The concept of institutional path dependence offers useful ways of understanding the trajectories of water policy reforms and how past institutional arrangements, policy paradigms and development patterns constrain current and future choices and limit institutional adaptability. The value of this concept is demonstrated through an analysis of environmental water recovery in Australia's Murray-Darling Basin, where while significant water volumes have been reallocated to the environment, the costs have also been significant. While there are significant lessons from the Australian experience, attempts to emulate the approach involve substantive risks and may be prohibitively costly for less wealthy nations. Context-specific institutional analysis is emphasised as fundamental to water reform and critical for reform architecture and sequencing. A key finding is that while crisis can provide powerful catalysts for institutional innovation, institutional path dependence in the absence of active and disruptive policy entrepreneurs fosters a strong tendency to reinforce the status quo and limit innovation, potentially exposing social-ecological systems to greater shocks due to climate change and other sources of escalating uncertainty.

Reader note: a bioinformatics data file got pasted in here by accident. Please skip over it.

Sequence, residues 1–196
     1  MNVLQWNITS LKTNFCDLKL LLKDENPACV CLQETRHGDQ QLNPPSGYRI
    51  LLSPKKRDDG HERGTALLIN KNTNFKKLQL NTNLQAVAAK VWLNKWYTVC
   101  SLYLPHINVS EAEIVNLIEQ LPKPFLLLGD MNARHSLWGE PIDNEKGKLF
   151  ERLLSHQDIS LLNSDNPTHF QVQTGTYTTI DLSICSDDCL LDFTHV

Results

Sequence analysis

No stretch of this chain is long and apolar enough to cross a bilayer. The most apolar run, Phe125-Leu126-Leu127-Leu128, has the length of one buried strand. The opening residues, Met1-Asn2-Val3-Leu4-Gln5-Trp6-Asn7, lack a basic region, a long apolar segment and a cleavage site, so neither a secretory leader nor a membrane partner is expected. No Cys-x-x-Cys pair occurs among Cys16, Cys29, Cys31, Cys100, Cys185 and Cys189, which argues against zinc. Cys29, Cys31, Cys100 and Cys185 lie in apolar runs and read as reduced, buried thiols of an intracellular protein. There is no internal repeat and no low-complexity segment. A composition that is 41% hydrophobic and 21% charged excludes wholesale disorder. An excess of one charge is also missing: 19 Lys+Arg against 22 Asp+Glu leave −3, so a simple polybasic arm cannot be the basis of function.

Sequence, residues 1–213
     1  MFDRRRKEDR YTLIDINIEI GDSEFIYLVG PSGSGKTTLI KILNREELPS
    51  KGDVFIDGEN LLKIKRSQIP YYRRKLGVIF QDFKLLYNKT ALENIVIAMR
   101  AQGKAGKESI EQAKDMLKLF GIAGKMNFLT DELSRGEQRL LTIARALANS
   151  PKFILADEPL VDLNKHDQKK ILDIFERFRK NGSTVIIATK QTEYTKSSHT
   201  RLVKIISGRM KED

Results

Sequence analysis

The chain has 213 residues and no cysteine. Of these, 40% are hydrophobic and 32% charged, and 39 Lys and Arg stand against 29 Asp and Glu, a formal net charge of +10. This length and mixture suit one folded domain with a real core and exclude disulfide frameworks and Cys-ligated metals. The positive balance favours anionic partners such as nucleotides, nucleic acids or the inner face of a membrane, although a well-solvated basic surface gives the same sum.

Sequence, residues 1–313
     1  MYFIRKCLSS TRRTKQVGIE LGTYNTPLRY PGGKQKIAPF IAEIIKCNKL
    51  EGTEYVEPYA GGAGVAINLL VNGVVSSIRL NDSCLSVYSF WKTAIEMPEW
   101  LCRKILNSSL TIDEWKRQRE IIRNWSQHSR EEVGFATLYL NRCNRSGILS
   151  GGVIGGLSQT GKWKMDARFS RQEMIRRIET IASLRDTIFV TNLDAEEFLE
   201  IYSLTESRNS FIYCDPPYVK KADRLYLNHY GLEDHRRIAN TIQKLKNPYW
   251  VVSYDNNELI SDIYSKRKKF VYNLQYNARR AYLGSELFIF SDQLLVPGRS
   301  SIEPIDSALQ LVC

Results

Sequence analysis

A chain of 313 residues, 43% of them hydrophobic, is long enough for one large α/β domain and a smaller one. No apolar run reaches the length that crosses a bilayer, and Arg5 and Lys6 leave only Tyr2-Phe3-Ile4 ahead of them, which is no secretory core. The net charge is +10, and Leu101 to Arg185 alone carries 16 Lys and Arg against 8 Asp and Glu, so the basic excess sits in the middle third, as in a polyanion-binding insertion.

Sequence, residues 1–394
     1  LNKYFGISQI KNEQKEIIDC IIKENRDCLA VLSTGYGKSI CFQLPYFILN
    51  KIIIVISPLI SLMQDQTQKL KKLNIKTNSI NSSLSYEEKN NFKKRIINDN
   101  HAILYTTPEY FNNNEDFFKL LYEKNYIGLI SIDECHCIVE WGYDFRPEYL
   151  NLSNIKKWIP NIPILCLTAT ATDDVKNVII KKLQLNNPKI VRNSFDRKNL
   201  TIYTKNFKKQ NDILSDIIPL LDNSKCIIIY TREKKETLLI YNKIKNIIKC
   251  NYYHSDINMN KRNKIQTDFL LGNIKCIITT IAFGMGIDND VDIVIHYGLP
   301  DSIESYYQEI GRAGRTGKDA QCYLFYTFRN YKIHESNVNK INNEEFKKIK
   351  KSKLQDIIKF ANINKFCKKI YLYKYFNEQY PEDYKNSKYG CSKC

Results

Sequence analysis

|Number of pages||25|
|Publication status||Published - Oct 2016|